Mini-review: Fearless

Jet Li is a badass. That is really all you need to know about him. If you want to know more, just know that he won the national wushu (martial arts) championship after three years of training and retired at the age of 17. I guess it was all just too easy. Fearless is Jet Li’s self-proclaimed final wushu epic, which is something that should sadden all of us.

fearless1Fearless is a movie split into three parts. The first details Huo Yuanjia’s mastering of wushu, and his increasing ruthlessness and arrogance. This leads inevitably to the second part of his life wherein, fallen, he wanders the land trying to find meaning. Of course, in the third part he returns to his home enlightened and intent on doing good. In this case, that means fighting a bunch of westerners to reclaim Chinese pride.

The first part of the movie is pretty good. The only quibble is that the use of Matrix-style camera techniques occasionally distract from the battles leaving one a little confused as to what just happened. Other than that the choreography is pretty decent, although definitely not Jet Li’s finest. It also sets up what could be a fairly interesting story.

The middle part is kind of what ruins the movie. The story is boring and cliched, the acting pretty bad. Unfortunately, the script is not strong enough to carry the movie without the martial arts.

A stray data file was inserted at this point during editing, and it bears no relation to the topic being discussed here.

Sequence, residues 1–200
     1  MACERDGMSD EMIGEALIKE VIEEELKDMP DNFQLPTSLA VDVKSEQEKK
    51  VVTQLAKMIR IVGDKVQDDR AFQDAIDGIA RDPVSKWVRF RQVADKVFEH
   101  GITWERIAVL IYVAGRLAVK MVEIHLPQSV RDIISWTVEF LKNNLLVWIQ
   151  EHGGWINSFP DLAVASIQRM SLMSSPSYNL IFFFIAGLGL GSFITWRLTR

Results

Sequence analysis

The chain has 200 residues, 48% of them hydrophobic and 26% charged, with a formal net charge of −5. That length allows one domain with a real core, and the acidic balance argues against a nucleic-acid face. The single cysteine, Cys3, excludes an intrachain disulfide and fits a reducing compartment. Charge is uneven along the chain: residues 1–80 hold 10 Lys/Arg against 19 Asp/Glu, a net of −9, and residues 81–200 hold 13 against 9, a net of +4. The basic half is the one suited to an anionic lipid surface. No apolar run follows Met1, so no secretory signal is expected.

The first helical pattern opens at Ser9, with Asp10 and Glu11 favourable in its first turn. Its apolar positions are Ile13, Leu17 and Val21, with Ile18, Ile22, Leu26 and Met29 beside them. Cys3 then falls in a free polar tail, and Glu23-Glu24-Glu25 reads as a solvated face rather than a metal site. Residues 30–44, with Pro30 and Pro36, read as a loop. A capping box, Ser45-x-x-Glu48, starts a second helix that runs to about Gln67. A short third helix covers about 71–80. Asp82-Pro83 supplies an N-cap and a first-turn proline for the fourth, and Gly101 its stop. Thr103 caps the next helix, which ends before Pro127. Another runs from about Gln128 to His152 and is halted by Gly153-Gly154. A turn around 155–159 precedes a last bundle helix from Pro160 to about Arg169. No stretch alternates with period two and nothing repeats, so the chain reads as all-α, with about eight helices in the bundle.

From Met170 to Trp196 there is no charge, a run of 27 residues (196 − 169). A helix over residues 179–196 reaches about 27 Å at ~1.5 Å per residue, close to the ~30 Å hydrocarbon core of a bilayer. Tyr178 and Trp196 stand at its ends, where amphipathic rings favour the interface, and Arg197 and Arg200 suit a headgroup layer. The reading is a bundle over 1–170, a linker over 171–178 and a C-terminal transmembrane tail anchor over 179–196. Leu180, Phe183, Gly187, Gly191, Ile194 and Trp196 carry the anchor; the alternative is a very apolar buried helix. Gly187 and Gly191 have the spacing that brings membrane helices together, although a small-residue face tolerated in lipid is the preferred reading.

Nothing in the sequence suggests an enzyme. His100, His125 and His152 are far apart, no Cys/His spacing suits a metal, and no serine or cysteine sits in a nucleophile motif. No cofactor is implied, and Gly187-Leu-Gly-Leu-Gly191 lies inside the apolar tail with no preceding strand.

The final part continues to expose the flaws of the central portion of the movie, and carries them further. The ‘moral’ is heavy-handed and silly, and the plot decays further. On the plus side, this is where all the best wushu is done. The fights are pretty awesome and the use of computer effects drastically reduced.

Overall it was an okay movie. Jet Li has done better choreography and had better acting performances, and still would have even if the silly Matrix-rotate-the-camera-in-slow-motion never happened. It could have used a little more extended fighting. But the visuals in general were beautifully done and it was worth watching. Also, I think I watched the directors-cut edition, which is significantly longer and probably a little worse for the lack of editing.